Close the gap for vision: The key is to invest on coordination
Article first published online: 3 DEC 2013
© 2013 The Authors. Australian Journal of Rural Health © National Rural Health Alliance Inc
Australian Journal of Rural Health
Volume 21, Issue 6, pages 299–305, December 2013
How to Cite
Hsueh, Y.-s., Dunt, D., Anjou, M. D., Boudville, A. and Taylor, H. (2013), Close the gap for vision: The key is to invest on coordination. Australian Journal of Rural Health, 21: 299–305. doi: 10.1111/ajr.12061
- Issue published online: 3 DEC 2013
- Article first published online: 3 DEC 2013
- Manuscript Accepted: 11 JUN 2013
- Greg Poche AO
- Harold Mitchell Foundation
- Ian Potter Foundation
- University of Melbourne
- case management;
- cataract surgery;
- coordination manpower;
- diabetic retinopathy;
- Indigenous Australians;
- refractive error
The study aims to estimate costs required for coordination and case management activities support access to treatment for the three most common eye conditions among Indigenous Australians, cataract, refractive error and diabetic retinopathy.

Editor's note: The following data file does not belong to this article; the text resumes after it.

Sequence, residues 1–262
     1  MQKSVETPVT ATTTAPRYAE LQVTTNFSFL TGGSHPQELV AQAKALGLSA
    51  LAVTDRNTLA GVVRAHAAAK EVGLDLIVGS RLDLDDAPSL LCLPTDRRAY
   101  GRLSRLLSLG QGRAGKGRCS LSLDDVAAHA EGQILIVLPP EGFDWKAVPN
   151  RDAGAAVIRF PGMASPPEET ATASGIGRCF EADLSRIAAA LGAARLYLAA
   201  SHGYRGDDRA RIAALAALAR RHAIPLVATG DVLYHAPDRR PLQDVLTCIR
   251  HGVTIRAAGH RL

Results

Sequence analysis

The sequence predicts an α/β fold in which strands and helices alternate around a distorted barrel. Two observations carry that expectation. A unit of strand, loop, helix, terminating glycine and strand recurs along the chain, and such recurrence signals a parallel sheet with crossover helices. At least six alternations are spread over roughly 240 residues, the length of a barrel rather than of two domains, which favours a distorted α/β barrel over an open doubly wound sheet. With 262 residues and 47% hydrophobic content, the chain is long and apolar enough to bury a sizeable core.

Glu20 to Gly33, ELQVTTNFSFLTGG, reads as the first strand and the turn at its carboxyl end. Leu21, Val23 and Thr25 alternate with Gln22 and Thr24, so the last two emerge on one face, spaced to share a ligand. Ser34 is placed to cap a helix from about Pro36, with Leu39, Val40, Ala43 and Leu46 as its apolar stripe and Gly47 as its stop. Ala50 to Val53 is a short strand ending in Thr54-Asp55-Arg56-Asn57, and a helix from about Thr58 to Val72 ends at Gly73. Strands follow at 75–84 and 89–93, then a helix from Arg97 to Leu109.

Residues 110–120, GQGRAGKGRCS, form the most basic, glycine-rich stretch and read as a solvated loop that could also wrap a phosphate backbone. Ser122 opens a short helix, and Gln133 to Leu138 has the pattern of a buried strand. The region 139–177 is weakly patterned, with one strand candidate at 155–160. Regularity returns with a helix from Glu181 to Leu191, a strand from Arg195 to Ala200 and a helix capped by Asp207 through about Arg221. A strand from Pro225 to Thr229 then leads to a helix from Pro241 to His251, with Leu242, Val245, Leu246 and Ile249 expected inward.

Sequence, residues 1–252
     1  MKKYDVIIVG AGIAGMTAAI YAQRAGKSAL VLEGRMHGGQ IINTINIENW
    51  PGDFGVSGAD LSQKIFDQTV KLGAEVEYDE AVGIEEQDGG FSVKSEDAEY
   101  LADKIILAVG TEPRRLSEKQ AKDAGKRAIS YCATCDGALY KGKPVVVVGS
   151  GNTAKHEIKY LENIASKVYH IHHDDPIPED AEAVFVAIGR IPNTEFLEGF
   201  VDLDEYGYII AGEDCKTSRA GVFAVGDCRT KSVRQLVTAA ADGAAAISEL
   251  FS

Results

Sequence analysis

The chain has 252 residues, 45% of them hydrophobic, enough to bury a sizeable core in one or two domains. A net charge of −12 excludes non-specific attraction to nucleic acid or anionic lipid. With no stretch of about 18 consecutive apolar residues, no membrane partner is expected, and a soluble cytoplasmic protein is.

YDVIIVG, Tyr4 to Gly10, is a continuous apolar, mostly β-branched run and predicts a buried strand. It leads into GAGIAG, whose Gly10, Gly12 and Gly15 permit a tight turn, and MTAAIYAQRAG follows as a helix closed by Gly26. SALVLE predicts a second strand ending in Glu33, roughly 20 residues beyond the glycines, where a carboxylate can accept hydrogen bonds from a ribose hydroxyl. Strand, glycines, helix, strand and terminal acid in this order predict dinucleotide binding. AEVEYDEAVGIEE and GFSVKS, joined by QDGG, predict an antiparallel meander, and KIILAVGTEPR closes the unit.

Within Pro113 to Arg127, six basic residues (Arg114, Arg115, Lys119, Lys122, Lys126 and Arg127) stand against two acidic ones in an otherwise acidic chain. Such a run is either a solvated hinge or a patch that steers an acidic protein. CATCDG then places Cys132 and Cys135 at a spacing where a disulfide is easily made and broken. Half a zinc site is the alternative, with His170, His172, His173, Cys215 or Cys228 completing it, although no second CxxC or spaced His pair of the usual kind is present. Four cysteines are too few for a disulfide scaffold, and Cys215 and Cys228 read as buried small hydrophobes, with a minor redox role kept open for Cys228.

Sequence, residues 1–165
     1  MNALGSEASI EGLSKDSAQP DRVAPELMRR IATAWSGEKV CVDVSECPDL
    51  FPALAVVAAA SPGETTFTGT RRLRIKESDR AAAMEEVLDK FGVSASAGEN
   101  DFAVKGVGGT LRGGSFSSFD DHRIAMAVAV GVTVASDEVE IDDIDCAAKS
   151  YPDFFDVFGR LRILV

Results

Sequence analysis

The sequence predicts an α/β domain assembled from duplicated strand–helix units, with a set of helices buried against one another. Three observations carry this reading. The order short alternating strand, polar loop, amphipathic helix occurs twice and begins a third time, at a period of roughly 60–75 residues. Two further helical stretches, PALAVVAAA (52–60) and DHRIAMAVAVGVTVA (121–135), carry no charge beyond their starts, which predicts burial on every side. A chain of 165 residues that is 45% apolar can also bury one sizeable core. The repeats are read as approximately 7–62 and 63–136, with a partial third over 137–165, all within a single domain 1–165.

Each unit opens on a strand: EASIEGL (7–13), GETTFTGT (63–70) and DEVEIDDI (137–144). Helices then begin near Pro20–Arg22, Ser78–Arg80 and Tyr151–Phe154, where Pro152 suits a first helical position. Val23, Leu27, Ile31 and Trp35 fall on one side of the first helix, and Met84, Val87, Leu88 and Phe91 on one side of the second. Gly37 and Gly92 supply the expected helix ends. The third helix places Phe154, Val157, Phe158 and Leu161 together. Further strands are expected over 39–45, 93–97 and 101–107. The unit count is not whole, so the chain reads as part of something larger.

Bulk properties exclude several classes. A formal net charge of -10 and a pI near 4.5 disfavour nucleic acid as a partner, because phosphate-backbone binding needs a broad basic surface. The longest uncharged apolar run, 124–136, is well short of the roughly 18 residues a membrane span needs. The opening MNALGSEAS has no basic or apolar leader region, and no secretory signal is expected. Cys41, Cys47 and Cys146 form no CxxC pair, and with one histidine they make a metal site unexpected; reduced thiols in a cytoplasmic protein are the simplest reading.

Coordination activities were identified using in-depth interviews, focus groups and face-to-face consultations. Data were collected at 21 sites across Australia. The estimation of costs used salary data from relevant government websites and was organised by diagnosis and type of coordination activity.
Urban and remote regions of Australia.
Needs-based provision support services to facilitate access to eye care for cataract, refractive error and diabetic retinopathy to Indigenous Australians.
Main outcome measures
Cost (AUD$ in 2011) of equivalent full time (EFT) coordination staff.
The annual coordination workforce required for the three eye conditions was 8.3 EFT staff per 10 000 Indigenous Australians. The annual cost of eye care coordination workforce is estimated to be AUD$21 337 012 in 2011.
This innovative, ‘activity-based’ model identified the workforce required to support the provision of eye care for Indigenous Australians and estimated their costs. The findings are of clear value to government funders and other decision makers. The model can potentially be used to estimate staffing and associated costs for other Indigenous and non-Indigenous health needs.